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Emerging Business

Before you say 'I do'
Online wedding start-ups are helping brides and grooms plan their perfect day

Adit Mathai

Weddings may or may not be made in heaven, but planning them is no piece of cake as Anand and Mehak Shahani discovered in 2012. The issues they faced in finding the right venue and vendors prompted Mehak to start a wedding blog. Just two years later, in 2014, the couple launched a full-scale portal, WedMeGood, which connects brides and grooms with service providers such as photographers, make up artists, dress designers, venue planners, caterers and music bands. “It is a curated platform, more like a classified service. But all the data is verified and vendors go through quality checks before we list them,” says Shahani, adding they have tie-ups with over 7,000 vendors. The company claims that the website has seen 20 lakh unique visitors till date, while the monthly count is about 3 lakh. The app, available on both Android and iOS, has been downloaded by over 20,000 users,  Shahani adds. 

Indear, started by ex-Morgan Stanley investment banker Sanna Vohra, is another website trying to make a difference. Vohra talks of the harrowing experience her friend’s sister faced while planning her wedding. She had to go through multiple websites, emails and WhatsApp groups, says Vohra. The chaos and lack of organised wedding planning services gave birth to Indear. While it started off by providing information and is still largely a marketplace, Indear also sells fashion products, jewellery and gift items from various brands on its website. It also has a separate service portal where customers can book mehendi, make-up, catering services as well as venues. Besides, it offers free concierge services, wherein its team makes recommendations to clients.

These online portals are not just trying to smoothen the experience for couples, they are also tapping into what is a chaotic and fragmented market. “The online shift in the wedding segment is similar to the Zomato story. Inherently, it is scalable,” says US-based entrepreneur Hemant Kanakia, who has invested in WedMeGood. Industry insiders estimate the Indian wedding market at $40-50 billion. Not surprisingly then, a lot of start-ups have entered the segment in the past 15 months.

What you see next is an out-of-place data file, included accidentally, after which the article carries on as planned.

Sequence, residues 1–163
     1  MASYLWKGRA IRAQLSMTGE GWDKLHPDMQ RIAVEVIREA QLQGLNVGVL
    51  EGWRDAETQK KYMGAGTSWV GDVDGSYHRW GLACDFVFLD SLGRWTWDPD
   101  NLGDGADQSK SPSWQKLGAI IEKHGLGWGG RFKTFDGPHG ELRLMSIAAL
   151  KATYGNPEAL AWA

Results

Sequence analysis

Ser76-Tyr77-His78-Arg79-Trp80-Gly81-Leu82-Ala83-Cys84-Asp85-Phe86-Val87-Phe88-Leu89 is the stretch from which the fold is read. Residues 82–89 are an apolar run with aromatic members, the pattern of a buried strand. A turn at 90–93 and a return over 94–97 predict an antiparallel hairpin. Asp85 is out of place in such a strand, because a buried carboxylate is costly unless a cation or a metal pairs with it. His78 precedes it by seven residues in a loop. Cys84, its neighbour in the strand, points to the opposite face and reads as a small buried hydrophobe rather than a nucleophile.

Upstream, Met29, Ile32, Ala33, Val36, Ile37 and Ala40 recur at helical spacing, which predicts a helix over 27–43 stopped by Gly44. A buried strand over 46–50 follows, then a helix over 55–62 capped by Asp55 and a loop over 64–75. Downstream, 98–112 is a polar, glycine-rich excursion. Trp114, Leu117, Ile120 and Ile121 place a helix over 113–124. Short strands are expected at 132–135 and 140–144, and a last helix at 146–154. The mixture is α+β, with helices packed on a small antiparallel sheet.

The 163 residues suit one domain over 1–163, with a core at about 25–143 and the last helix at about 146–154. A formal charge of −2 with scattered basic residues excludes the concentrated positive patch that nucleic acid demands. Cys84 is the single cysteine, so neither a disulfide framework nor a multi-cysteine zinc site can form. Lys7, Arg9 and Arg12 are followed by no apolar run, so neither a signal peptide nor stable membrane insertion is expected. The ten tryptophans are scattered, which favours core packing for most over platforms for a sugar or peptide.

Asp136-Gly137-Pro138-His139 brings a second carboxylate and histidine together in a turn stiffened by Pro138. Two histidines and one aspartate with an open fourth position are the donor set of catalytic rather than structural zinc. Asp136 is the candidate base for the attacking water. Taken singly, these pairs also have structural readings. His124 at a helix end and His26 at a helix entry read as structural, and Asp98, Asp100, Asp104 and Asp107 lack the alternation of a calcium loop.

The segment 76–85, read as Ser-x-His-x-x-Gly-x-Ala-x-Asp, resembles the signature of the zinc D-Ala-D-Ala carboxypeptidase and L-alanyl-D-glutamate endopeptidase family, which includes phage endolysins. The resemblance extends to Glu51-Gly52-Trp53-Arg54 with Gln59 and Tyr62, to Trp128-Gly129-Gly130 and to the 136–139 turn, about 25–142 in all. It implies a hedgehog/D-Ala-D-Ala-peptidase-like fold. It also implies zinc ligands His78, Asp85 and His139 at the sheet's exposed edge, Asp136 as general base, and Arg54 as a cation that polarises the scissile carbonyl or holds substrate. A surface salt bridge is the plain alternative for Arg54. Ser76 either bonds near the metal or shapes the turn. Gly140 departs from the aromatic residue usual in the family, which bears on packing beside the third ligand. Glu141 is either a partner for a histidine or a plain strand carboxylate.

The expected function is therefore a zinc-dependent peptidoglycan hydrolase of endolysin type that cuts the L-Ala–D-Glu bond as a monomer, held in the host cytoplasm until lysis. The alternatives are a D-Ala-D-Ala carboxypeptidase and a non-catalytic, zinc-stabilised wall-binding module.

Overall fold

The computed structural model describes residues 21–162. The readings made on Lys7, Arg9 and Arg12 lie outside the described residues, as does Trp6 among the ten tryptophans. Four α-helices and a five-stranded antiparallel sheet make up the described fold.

Manas Wadhwa, Founder, WeddingPlzFormer restaurateur Manas Wadhwa got into the business when the search for a good caterer for his cousin’s wedding went sour. WeddingPlz, founded in 2014, has 45,000 verified vendors listed on its portal and is present in five cities. It provides services across 43 categories right from security, venue, catering to even astrology. Moreover, it provides a 360-degree virtual tour of the venue besides online tools like a wedding calendar, budget manager, photo gallery etc. “We provide category, location and region-specific searches for vendors, something that our competitors don’t offer currently,” he says, adding that WeddingPlz sees 5 lakh unique visitors per month. 

The average wedding spend in the country is estimated at 10 lakh (for the middle class segment). Shahani’s target audience is upper-middle class, where couples are willing to spend 20 lakh though he adds they have something for every budget. While it doesn’t charge users, WedMeGood charges a subscription fee from its vendors on a quarterly or six-monthly basis. Shahani claims that the company has 200 vendors, who pay a subscription fee upwards of 2,000 per month. Just like search engines, priority listing means a higher charge. The duo add that 80% of WedMeGood’s revenue comes from subscriptions and 20% through marketing tie-ups.  

Anand Shahani, Co-founder and CEO, WedMeGoodWhile WedMeGood charges vendors for listing, Vohra’s Indear makes money by charging a commission for every product/service. “Most other wedding companies list vendors without due checks, which means their quality suffers,” says Vohra. Indear has seen 2 million unique visitors on its portal. WeddingPlz though charges vendors for advertising on its platform, which accounts for its 5 lakh monthly revenue besides transaction fees collected from vendors listed on the site.  

The consensus seems to be that mere lead generation is not sustainable. “Merely generating leads and listing vendors won’t work. Eventually, online wedding portals will have to move to the transaction model where vendors charge customers and give commission to the portal, especially for services like catering and venues,” says Alok Mittal, co-founder, Indian Angel Network, who is an investor in WedMeGood. 

Sanna Vohra Founder, IndearWhile there is no doubt that the online wedding market will grow, it is currently restricted to metros and tier-I cities. Besides expanding reach, experts also advocate in-house services. Rishi Parti, angel investor and MD, Info-X Software, says, “Online wedding portals will have to provide some services in-house such as photography, make up, mehendi etc. as consumers will benefit from standardised services. This, coupled with the transaction model, is the way ahead.”

For you, if the wedding bells are ringing already, you may want to visit these websites before you say the magic words — I do.

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